One will benefit greatly by going to his site and reading the huge archive. Below, however, is Dwight's complete posting this week (part 1 of 3). I've marked in bold blue the parts that particularly strike me:
I am looking forward to part two and three. I will post them when they come out over the next two weeks.
Amidst the hustle and bustle of your professional life, God has a spiritual work he intends to accomplish in and through you to the effect that you become the very character of Christ. In today’s hurried and harried “get it done now” world, three modern day values can well prove to be the bane of your spiritual life and ministry. These values are utilized in guaranteeing the successful production of McDonald hamburgers: Efficiency, calculability, and control.1
Efficiency: Today, we are overloaded with Christian literature, and church related programs and methodology that promise quick and efficient fixes to complex spiritual life issues: Apply these 6 simple steps and viola: Victory is guaranteed over vexing sexual problems, a troubled marriage, or wounded past, etc. In previous generations, solutions to the sinful human condition came through deep commitment, as one poured and prayed over the Scriptures. This was a process that followers of Christ understood extended over a life time. Classic Christianity saw the journey “as a means of personal growth, engagement and transformation. The sorrows, tiredness, and dangers of the journey led to renewal and transformation…Today, however, the idea is to get to the journey’s end as quickly as possible with a minimum of inconvenience…”2
The reality is that God’s working of His life into ours will not be accomplished in mini sound bites or by quick fix methodology. At best, the modern mind seems to demand a shortened process of shallow doses of time alone with God, to be caught on the run and sandwiched in between our work and our toys. The very idea that spiritual transformation is a slow, deliberate process is vexing to most moderns who move at warp speed in the concrete jungle of PDA’s, Wi Fi, the “Journal”, multi-tasking, and pressurized deadlines.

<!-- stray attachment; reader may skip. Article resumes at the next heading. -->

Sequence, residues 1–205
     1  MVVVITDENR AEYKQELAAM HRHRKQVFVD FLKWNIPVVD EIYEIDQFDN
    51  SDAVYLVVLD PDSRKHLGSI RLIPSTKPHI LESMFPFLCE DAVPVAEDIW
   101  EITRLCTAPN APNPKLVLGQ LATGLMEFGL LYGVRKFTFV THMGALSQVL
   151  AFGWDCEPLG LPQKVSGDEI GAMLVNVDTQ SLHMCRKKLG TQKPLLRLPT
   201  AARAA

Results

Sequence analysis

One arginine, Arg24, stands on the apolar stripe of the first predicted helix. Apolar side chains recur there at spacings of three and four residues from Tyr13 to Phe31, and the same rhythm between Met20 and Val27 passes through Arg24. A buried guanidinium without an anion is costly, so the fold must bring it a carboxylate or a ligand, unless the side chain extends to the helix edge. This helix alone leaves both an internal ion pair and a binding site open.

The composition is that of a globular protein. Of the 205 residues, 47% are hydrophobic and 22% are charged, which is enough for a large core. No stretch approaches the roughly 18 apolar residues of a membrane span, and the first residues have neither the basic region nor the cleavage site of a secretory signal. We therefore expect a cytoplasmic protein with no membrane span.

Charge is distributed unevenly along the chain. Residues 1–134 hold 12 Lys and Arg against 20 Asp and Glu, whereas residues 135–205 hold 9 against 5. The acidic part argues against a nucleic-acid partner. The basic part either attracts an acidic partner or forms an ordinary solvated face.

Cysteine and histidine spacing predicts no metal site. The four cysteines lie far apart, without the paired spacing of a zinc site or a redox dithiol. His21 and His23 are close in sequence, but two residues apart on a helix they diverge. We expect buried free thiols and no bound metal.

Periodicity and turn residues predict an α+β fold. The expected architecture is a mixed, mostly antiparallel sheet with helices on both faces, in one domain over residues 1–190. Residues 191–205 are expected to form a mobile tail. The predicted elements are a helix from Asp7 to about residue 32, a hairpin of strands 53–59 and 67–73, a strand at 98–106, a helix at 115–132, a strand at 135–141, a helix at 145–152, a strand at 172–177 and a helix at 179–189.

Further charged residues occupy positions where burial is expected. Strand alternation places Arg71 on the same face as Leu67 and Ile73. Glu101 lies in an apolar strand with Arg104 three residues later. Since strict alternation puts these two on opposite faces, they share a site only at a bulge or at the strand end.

The truth is that if God is to be known, He simply will not be rushed. Therefore, he is infinitely more concerned about the deliberate maturation process than he is in its “efficient” accomplishment. If we are to be transformed and liberated into His freedom, the maturing progression demands relaxed, quiet periods alone with God and His word as we ponder, soak on, and apply His eternal truths. In this context, there simply is no quick substitute for times of healthy introspection and soul-searching. Generic to this process of transformation is learning to cultivate the art of disciplined listening to the quiet voice of Jesus through the Spirit. “…My servant [Jesus]…will not shout or cry out or raise his voice in the streets.” (Isa. 42:1b, 2b) Yet we tend to resist His wooing: "In repentance and rest is your salvation, in quietness and trust is your strength, but you would have none of it.” (Isa. 30:15b)
QUESTION: In today’s inch deep and mile wide McDonaldized brand of efficient, “get it done now” Christianity, are you willing to break with this trivialized sub-culture and deliberately set aside sufficient, daily time to allow yourself to de-compress, and slow down – until the Spirit can penetrate, speak, convict, heal, transform, and lead? If not, you have already joined the McDonaldized “Christian” society of callow, trendy, will of the wisp, here today, gone tomorrow brand of insipid Christianity. And that, my friend is a modern day tragedy.
1 In 1993 sociologist George Ritzer coined the term, “McDonaldization” to describe a trend that challenged modern American culture. By that, he meant “the process by which the principles of the fast food restaurant coming to dominate more and more sections of American society.” George Ritzer, The McDonaldization of Society: An Investigation into the changing Contemporary Social Life, Thousand Oaks, CA – Pine Forge Press2 Alister E. McGrath, The Future of Christianity, Pages 52,53, Malden, Mass., Blackwell Press, 2002
R. Dwight Hill